Top doc of the United States and famous for that goofy beard, Dr. C. Everett Koop, widely regarded as the most influential Surgeon General in American history, died Monday at his home in Hanover, N.H., according to the New York Times. He made it to 96, thanks, presumably in part, to not smoking.
Koop, who served as Surgeon General from 1981 until 1989, is widely known for his fight against smoking. He revived the traditional uniform of the Surgeon General and is most known for speaking in public against the dangers of smoking cigarettes.
At the time of his appointment by Ronald Reagan, 33 percent of Americans smoked cigarettes. By the time of his departure, that number had dropped to 26 percent, according to the New York Times. By 1987, 40 states had restricted smoking in public places, 33 had banned it on public conveyances and 17 had banned it in offices and other work sites.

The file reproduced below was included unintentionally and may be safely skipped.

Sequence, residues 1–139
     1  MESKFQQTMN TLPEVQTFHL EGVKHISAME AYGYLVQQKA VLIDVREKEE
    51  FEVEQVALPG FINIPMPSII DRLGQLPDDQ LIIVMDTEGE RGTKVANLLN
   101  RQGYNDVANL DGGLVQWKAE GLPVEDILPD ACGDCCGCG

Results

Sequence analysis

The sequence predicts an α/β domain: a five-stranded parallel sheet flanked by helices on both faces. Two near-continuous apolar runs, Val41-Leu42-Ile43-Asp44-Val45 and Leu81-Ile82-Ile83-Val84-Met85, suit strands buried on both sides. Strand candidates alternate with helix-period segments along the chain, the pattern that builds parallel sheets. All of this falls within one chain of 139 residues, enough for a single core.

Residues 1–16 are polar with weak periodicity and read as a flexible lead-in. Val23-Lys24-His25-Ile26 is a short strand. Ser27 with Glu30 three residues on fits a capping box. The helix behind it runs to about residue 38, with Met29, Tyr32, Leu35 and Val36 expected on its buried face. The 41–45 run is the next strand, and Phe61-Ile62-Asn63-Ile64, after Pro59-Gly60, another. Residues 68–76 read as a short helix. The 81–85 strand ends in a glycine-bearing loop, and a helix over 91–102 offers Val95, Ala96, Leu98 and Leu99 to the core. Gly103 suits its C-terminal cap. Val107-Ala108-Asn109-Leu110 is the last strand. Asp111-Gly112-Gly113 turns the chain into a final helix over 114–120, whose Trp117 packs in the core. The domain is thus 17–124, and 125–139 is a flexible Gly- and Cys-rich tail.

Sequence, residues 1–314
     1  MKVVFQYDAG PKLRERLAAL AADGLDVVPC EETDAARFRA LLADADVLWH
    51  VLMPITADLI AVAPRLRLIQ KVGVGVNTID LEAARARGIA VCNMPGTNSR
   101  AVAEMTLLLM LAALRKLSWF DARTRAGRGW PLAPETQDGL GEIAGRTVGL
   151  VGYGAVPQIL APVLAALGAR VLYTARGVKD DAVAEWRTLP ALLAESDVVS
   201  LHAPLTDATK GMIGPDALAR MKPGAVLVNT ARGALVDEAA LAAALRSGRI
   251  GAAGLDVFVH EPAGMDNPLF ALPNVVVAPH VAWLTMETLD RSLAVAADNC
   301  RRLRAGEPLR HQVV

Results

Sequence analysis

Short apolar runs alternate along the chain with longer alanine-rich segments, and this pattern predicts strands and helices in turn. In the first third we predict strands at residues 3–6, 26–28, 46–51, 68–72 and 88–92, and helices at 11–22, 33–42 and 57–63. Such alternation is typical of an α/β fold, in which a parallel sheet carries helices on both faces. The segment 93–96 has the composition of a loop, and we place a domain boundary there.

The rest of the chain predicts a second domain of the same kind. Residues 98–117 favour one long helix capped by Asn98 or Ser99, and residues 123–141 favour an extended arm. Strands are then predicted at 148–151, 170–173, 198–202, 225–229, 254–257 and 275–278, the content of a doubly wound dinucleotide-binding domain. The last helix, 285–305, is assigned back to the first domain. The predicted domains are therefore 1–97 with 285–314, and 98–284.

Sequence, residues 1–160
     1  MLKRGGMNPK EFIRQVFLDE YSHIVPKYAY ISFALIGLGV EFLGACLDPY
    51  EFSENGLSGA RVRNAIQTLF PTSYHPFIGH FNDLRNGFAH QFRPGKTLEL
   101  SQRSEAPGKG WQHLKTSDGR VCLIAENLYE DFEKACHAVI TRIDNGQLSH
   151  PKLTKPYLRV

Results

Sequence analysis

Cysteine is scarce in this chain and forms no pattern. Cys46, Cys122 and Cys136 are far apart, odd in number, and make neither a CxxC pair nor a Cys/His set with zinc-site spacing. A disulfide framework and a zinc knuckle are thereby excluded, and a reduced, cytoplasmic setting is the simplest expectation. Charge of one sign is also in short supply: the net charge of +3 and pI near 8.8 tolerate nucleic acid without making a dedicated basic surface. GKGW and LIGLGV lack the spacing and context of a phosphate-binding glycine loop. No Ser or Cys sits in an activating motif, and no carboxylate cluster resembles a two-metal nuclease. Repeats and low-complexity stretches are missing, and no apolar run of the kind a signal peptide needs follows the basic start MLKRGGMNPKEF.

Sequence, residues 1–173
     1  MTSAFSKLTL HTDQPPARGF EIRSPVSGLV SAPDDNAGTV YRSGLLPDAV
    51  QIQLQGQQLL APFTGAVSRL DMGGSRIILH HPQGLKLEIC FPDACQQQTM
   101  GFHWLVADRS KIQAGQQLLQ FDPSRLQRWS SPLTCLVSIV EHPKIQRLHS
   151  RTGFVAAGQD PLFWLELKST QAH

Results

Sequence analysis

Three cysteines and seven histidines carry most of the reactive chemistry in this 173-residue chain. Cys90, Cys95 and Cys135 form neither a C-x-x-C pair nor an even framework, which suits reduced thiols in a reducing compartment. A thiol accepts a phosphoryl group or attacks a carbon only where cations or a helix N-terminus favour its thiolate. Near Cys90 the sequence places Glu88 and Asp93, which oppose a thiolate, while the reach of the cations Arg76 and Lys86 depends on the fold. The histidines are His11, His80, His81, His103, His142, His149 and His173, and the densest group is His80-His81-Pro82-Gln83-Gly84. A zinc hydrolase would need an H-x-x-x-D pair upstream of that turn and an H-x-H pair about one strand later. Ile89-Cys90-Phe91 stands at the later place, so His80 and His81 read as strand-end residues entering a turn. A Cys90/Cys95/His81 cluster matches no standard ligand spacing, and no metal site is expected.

“Smokers are 10 times more likely to develop lung cancer than nonsmokers, two times more likely to develop heart disease. Smoking a pack a day takes six years off a person’s life,” he once said.
Dr. Koop was also known for pushing the government to take a stronger stand against AIDS, a position that gained him criticism from his fellow Christians and conservatives. Despite his moral opposition to abortion, he refused to use his office to fight against it.
Dr. Koop played a major role in educating the American people about AIDS. Though he felt the United States had been slow to face the crisis, he was happy when HIV, the virus that causes AIDS was discovered and when a blood test was developed to detect the disease, according to the New York Times.
His greatest failure, in his eyes, was not convincing President Reagan or his successor, President Bush, in making healthcare available to more Americans.
Funeral arrangements are planned for 10:30 a.m. March 9 at the First Congregational Church in Woodstock, NH.